Marie called on women to cross the boundaries erected by tradition and step into a more active role in spreading the gospel. Specifically, she asserted that women and men had equal claim to reading and understanding the scriptures. Her writing demonstrates her impressive knowledge of scripture and her theological acumen. is public plea to reconsider biblical teaching about women rather than adhering to conventional practices drew opposition. However, Marie’s greatest transgression was not her doctrine, but that she dared to speak and write with authority, particularly on religious matters. After her death, her support for the reformation in Geneva and her theological contributions were largely unknown until the recovery of her work in the nineteenth century.

Charlotte d’Arbaleste: Biographer, Mother, & Reformer 

The visibility of Katie Luther’s position and the vehemence of Marie Dentière’s writing stand in contrast to the less public approach of another Protestant woman, Charlotte d’Arbaleste.8 As the wife of a Philippe de Duplessis-Mornay, a prominent Protestant nobleman, Charlotte managed a large household and actively supported the military activities of her husband, during the French Wars of Religion. Mornay was also a man of letters and Charlotte became his self-appointed archivist, going to great lengths to collect and preserve his literary output which included theological treatises, polemical pamphlets, and poetry.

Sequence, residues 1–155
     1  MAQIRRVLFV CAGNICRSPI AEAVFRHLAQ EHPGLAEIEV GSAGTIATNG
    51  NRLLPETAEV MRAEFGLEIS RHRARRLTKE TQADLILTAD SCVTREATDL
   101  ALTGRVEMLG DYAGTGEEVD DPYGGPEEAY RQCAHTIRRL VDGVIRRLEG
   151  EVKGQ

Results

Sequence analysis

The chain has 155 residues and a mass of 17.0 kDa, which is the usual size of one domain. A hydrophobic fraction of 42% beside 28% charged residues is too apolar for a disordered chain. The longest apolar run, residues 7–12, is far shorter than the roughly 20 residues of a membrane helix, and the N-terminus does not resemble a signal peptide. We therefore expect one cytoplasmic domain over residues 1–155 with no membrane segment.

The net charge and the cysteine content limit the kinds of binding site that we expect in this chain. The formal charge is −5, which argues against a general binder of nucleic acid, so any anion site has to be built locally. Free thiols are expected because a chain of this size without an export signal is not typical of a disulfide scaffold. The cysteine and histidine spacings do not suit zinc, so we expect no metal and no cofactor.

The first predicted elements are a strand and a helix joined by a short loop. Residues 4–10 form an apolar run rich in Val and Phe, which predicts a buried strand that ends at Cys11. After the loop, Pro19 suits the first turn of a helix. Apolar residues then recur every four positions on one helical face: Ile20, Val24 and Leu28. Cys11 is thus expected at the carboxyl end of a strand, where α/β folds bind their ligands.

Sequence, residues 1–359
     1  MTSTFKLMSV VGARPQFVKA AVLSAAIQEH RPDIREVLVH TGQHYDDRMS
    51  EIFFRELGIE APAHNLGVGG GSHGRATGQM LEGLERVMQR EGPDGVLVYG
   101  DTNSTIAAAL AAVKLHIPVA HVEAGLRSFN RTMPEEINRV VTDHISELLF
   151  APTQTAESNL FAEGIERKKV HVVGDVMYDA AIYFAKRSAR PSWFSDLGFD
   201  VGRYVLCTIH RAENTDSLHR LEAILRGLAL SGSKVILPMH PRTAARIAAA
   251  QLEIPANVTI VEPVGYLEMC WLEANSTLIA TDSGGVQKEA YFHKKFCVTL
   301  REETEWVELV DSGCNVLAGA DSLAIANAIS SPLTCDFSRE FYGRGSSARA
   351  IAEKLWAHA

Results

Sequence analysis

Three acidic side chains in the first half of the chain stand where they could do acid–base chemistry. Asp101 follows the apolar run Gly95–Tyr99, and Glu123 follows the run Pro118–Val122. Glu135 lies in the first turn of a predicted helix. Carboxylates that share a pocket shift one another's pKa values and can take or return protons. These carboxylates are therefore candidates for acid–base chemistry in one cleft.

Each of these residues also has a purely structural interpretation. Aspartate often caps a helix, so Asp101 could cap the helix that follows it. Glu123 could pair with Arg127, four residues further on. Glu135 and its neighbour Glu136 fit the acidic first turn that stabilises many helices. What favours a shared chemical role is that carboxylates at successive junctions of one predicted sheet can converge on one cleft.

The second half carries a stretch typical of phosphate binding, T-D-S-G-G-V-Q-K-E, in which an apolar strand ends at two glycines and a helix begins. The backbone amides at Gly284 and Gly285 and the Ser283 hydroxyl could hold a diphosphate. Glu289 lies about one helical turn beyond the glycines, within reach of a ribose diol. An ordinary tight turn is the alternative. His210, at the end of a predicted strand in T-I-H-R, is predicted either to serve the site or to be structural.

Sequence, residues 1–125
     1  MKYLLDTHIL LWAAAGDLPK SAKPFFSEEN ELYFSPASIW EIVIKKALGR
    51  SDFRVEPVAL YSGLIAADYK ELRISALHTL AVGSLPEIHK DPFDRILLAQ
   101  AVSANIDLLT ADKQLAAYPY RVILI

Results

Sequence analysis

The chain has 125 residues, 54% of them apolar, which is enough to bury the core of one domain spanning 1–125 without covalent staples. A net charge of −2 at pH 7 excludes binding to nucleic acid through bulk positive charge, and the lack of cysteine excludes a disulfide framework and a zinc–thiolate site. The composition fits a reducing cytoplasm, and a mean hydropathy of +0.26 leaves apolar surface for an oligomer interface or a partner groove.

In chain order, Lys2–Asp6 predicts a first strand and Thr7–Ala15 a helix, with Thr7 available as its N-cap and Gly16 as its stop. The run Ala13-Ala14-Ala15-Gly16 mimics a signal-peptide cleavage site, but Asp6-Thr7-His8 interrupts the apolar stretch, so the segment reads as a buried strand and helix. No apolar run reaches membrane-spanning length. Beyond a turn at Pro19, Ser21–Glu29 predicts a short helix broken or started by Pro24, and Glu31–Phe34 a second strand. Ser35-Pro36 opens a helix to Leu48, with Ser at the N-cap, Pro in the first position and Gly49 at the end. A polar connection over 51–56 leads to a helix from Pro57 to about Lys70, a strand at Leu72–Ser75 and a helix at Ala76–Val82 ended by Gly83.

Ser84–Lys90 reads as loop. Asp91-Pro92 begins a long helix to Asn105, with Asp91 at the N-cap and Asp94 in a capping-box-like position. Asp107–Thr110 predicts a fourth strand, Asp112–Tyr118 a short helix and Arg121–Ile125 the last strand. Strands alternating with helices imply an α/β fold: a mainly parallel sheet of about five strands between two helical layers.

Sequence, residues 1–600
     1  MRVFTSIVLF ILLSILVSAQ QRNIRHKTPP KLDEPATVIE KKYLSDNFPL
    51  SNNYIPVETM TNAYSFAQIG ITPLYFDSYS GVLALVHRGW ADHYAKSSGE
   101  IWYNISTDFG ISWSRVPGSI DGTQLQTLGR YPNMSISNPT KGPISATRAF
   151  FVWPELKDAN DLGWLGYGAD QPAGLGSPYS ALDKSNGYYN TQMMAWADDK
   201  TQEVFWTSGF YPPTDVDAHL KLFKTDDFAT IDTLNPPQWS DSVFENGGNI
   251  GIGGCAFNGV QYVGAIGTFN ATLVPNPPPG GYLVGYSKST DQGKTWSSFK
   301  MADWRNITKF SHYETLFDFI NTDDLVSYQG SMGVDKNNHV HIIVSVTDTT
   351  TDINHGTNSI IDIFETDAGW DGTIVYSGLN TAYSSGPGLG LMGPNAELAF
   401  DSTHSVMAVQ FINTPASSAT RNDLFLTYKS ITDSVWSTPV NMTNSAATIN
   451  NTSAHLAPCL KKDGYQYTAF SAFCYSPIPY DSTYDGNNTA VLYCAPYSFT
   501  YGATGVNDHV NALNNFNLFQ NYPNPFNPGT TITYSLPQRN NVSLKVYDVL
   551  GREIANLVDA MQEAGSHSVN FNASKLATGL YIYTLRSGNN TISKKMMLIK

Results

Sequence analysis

She also became the guardian of his legacy. Beginning in 1584, she penned a lengthy account of his life dedicated to their only son. Recounting his achievements and challenges as a political and military leader, Charlotte also wrote of her husband’s conversion, narrated their separate, but equally harrowing, escapes from Paris during the St. Bartholomew’s Day Massacre, and described their subsequent courtship and marriage. In fact, her memoire remains the best source we have for his life and work.

In this account, Charlotte is an indispensable partner in her husband’s work as a leader in the French Protestant community. Her role as wife and mother remain traditional, but the act of writing itself, especially in this form, was unusual. For her, writing was a means for influencing her children and perpetuating the legacy of her husband, but also a way to support and preserve the Protestant cause within the bounds of socially accepted behavior for women.